The standard car accident scenario sees one vehicle colliding with another at a stoplight, at an intersection, while merging on a freeway, or elsewhere. But what happens when a car hits you while you're walking? Your rights—in other words, your options for getting compensation for injuries and other losses—depend on the answers to a few key questions.
Most people assume that when a pedestrian is hit by a car, the driver of the vehicle is going to be found at fault ("liable" for the accident, in legalese). That's true in most, but not all, pedestrian-car accident cases. Drivers are required to yield to pedestrians at marked crosswalks and in other situations as designated in the state's traffic or vehicle code. Drivers also must obey traffic signals and posted speed limits. If a pedestrian is hit while a driver is violating a traffic law, liability is pretty clear. But some pedestrian-car accident cases are more complicated than that. What if the pedestrian was crossing against the light, or walked out from between parked cars in the middle of a narrow street? In these and other situations, a pedestrian can be at fault for a traffic accident.
If you suffer injury as a result of a pedestrian-car accident, and the driver is at fault (or he or she at least bears the majority of the blame), then you'll probably be able to pursue a personal injury claim. If you start by making an insurance claim with the at-fault driver's insurance company (known as a third party claim), you can ask for a fair settlement that covers your damages—that means medical bills, lost income, and more subjective effects of the accident, including your pain and suffering.
The result of most insurance claims is a personal injury settlement, usually after back-and-forth negotiations. In some cases, if settlement talks don't seem to be approaching a satisfactory result, you may need to take the matter to civil court. This means filing a personal injury lawsuit. Of course, this is all assuming that you know the identity of the driver (more on this below).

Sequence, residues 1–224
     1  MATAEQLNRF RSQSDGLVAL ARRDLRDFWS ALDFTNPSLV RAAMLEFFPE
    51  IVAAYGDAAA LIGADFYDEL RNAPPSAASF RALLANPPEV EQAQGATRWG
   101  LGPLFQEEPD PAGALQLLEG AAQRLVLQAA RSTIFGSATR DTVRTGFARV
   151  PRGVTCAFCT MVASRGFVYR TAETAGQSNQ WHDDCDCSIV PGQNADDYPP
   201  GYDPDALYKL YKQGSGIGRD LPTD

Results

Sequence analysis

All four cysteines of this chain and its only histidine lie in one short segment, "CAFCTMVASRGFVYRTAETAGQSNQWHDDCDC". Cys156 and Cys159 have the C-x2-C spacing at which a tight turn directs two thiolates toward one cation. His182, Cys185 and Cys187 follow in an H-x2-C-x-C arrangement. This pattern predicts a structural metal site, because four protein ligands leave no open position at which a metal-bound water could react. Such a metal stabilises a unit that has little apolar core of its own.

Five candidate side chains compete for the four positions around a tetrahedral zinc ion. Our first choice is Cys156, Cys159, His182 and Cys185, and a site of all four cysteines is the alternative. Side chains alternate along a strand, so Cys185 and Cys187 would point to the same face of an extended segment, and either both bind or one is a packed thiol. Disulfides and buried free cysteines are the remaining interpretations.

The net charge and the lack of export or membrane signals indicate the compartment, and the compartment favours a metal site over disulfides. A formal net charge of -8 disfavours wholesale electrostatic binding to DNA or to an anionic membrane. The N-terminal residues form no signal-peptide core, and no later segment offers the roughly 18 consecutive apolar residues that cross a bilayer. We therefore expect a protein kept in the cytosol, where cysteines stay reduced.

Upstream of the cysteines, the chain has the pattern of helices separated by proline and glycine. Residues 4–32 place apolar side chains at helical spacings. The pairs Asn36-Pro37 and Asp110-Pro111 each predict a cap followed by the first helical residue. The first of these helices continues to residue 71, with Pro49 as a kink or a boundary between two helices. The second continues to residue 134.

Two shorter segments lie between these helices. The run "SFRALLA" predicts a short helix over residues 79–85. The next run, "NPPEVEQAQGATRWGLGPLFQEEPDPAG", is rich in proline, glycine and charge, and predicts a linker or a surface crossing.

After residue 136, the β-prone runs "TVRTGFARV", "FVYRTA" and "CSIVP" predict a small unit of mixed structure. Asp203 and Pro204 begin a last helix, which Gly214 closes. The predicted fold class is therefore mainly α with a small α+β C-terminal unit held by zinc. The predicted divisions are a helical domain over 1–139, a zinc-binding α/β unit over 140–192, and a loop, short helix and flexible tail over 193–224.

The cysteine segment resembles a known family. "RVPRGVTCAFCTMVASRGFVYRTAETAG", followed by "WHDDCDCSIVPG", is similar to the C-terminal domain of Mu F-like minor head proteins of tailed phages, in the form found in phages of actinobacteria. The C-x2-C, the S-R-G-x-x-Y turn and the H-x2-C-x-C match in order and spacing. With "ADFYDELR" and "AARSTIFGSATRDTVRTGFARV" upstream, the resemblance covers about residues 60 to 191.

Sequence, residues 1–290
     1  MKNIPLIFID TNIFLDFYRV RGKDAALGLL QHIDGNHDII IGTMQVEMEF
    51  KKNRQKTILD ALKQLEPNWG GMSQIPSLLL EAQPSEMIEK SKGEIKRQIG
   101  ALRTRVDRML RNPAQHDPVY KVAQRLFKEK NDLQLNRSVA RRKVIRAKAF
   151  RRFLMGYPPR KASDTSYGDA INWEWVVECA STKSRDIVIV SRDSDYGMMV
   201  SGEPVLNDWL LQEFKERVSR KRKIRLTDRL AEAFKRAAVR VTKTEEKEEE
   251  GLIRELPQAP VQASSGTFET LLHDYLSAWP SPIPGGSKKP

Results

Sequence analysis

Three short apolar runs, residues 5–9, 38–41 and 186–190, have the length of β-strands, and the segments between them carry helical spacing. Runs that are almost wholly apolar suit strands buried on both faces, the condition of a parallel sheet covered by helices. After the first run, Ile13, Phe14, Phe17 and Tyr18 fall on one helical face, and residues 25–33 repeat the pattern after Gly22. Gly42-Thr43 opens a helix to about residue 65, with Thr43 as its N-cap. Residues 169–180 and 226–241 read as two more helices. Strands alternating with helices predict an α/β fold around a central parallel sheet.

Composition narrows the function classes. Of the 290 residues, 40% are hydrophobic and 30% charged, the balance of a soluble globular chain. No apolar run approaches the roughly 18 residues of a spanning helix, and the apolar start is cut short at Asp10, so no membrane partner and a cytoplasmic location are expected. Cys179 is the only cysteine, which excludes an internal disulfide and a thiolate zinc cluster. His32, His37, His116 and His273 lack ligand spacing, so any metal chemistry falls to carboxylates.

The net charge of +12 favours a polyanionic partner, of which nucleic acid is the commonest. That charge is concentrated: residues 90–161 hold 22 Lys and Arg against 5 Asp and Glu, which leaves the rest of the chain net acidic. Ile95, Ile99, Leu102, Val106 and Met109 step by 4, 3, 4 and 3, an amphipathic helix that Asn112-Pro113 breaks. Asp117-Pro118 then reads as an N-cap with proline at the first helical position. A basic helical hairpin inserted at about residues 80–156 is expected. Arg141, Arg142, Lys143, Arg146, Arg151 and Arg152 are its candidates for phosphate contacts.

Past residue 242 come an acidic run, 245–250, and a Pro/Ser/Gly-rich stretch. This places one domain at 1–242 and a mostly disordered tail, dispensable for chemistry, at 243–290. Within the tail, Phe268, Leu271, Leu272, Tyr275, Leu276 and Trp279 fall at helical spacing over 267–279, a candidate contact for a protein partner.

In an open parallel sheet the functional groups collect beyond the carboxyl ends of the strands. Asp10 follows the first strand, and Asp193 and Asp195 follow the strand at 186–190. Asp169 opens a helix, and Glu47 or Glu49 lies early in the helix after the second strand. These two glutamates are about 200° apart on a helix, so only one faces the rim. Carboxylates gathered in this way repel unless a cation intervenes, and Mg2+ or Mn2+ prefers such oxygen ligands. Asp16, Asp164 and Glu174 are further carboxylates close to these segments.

If the driver of the vehicle complied with his or her legal obligation to stop at the scene and exchange relevant contact and insurance information with others involved in the accident, you'll probably be able to pursue compensation through the driver's car insurance carrier, or via a personal injury lawsuit, as discussed above.
But if the accident was a hit and run (the driver didn't stop), this will narrow your options significantly. The first thing you should do is report the accident to the police so that an investigation can begin. If there were any witnesses to the accident, try to get their names and contact information. After you've given the police all the information that might help, you'll likely need to handle your medical treatment under your own health insurance coverage, if you have it.
Later on, if you're able to identify and locate the hit-and-run driver (or if the police track them down) you may want to discuss your options with a personal injury attorney, especially if you suffered significant injuries in the accident.
Vehicle-versus-pedestrian accidents typically result in significant injuries to the person who was on foot, and despite common misconceptions, it's not always easy to sort out who was at fault. Especially if the driver (or the driver's insurance company) is refusing to make a fair settlement offer, or is otherwise digging its heels in against you, it may be time to put your case in the hands of an experienced attorney. Learn how to find the right personal injury lawyer for you and your case.